Ever wonder how many days a week you should workout for the best results? With all the different information and opinions out there it can get confusing to know what’s right for you.
The answer is going to depend on your goals, your training history, and most of all, your time commitment. Let’s start with the most important one first.
The best workout plan is one you can stick to long term. What’s optimal is not always what’s sustainable. If you have a spouse, kids, a full time job, and a hobby, trying to workout 6 days a week for an hour and a half could be a set up for failure.
Creating a workout schedule that fits into your life and can be stuck to long term is always going to be best. While very high frequency workouts definitely have their place, unless you are a competitive bodybuilder or athlete it’s likely not realistic or necessary for most people.
Even if it can be maintained for a short while there are bound to be times where life gets in the way. Look at your schedule, see what days you have gaps even if they are as little as ten minutes. Then figure out how high of a priority working out and getting in shape is.
Goals and Preferences
Your goals and workout preference are also going to determine how often you work out.
For Weight Loss you may benefit from more frequent days of cardio alternating with strength training. Someone with an aggressive fat loss goal may do something like 3 days of strength training with 3 days of low intensity cardio.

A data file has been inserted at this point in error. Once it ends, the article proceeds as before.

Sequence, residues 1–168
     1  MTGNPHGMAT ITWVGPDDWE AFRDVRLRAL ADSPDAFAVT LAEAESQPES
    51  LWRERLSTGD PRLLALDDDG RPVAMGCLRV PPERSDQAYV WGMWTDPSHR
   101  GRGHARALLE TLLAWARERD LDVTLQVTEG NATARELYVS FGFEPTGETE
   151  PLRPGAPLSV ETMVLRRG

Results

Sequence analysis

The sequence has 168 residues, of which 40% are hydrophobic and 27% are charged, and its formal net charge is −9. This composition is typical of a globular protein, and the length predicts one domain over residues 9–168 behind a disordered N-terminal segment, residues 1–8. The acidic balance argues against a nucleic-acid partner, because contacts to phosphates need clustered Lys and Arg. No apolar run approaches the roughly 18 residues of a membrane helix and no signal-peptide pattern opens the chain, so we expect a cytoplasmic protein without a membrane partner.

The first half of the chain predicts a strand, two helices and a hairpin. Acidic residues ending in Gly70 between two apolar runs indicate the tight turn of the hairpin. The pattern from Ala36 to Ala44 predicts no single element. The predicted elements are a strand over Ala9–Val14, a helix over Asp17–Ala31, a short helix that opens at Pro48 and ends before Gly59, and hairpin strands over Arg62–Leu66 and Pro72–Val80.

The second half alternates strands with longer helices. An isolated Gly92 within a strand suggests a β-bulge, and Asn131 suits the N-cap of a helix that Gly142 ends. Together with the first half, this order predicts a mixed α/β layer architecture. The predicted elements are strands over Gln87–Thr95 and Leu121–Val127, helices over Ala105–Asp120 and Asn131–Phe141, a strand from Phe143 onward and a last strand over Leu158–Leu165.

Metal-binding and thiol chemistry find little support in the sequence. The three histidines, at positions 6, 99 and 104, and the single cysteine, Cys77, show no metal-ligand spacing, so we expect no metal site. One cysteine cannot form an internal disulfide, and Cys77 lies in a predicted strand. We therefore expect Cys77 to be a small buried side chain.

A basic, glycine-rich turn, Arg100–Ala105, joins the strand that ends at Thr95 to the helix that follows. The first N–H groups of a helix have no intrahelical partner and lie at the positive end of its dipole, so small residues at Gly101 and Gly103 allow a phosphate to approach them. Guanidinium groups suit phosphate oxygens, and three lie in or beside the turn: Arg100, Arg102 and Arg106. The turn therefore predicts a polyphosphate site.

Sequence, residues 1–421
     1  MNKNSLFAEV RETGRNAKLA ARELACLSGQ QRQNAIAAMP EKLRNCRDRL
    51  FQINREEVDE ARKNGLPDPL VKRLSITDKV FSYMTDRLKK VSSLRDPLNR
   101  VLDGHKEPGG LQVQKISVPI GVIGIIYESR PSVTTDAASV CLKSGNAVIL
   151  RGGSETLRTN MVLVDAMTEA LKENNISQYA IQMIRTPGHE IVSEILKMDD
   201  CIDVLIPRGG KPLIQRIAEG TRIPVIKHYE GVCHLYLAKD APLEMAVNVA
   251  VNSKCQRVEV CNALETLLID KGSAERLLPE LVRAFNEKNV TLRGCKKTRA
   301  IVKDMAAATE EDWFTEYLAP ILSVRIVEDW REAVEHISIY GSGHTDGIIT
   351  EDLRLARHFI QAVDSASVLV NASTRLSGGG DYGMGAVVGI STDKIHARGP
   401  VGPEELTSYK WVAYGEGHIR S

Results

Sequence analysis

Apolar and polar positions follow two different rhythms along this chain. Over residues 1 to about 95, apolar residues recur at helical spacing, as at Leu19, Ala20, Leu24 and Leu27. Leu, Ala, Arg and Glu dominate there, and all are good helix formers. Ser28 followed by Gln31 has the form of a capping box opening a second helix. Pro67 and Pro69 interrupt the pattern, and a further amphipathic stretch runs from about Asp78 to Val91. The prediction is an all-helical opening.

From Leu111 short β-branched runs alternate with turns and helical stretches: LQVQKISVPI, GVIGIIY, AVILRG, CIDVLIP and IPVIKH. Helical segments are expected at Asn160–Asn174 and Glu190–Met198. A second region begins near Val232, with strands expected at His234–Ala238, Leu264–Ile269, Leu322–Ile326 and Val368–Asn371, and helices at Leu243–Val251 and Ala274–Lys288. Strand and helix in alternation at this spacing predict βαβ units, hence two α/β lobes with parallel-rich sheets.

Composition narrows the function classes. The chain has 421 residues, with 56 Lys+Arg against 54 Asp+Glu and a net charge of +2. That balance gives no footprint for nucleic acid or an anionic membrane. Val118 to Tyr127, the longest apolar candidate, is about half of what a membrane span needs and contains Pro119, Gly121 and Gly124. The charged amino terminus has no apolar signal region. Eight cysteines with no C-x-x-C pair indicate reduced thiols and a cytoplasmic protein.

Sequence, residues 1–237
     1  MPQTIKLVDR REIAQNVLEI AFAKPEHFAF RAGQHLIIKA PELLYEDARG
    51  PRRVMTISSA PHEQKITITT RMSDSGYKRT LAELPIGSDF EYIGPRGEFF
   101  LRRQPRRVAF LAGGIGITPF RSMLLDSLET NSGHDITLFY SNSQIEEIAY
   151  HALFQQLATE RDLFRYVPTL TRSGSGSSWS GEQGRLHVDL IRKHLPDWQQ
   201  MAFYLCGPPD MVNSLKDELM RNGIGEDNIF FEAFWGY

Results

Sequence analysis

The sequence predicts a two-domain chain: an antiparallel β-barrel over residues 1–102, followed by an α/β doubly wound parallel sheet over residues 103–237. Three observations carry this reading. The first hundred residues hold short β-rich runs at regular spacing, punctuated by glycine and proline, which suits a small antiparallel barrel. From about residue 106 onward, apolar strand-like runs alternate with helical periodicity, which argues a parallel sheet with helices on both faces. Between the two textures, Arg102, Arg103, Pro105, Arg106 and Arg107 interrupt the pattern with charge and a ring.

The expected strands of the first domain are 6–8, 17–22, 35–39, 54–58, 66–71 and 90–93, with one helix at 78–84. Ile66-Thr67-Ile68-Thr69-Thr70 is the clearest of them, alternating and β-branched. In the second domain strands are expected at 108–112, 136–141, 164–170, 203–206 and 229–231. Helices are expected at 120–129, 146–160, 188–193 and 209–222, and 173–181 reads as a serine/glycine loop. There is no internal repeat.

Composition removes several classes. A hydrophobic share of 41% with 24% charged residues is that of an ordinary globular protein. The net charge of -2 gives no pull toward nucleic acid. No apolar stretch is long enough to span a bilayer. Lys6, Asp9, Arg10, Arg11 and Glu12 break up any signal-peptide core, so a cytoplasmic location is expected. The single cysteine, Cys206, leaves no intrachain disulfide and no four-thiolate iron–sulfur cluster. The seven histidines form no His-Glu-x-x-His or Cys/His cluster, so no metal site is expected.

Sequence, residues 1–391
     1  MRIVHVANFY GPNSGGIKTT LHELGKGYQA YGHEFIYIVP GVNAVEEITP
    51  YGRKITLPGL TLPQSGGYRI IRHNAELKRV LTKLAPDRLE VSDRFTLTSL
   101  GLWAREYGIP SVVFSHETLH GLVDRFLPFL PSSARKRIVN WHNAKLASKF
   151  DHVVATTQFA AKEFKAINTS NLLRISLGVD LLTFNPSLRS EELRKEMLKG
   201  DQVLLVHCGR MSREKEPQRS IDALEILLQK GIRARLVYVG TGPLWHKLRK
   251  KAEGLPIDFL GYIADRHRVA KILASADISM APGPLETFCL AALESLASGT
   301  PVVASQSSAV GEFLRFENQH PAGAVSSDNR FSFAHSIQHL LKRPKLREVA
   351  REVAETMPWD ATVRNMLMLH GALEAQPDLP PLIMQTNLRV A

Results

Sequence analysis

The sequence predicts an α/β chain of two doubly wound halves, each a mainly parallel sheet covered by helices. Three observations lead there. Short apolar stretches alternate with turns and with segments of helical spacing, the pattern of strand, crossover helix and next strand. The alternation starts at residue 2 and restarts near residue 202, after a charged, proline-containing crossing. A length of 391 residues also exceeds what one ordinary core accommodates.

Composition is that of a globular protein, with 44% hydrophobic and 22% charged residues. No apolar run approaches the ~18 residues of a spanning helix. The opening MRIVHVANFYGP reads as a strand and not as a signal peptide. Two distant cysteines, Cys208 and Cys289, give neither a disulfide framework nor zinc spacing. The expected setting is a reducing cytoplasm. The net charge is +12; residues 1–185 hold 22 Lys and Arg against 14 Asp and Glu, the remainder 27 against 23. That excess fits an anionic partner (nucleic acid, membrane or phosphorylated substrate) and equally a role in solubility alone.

This would be for a person that really enjoys training and has the time for it. Someone with a little less time could do 2 days of strength training with 2 days of high intensity cardio. Both setups could lead to the similar amounts of calories burned although it’s typically easier at higher frequencies.
The lower frequency would have to work at a much higher intensity to create as much calorie expenditure. On the other hand if someone has a goal of weight loss and only one or two days to workout, their best bet would be to focus on diet.
Gaining Muscle and Strength also comes down to preference but takes into account your level of fitness. Someone with years of strength training experience can train at relatively low frequency and make comparable gains as a high frequency approach. Experienced trainees can use very high intensity efforts that take a long time to recover from.
Whereas most times, those new to training have to still master the movements they are performing before working at higher intensity. This typically means those new to training can do better at higher frequencies to practice movements and form the new habit of working out.
In this case training at least 3 times a week and preferably doing some form of light aerobic activity such as walking on days off could be better. Whereas when one gets advanced doing as little as one or two workouts a week can still lead to consistent gains in strength and muscle over time.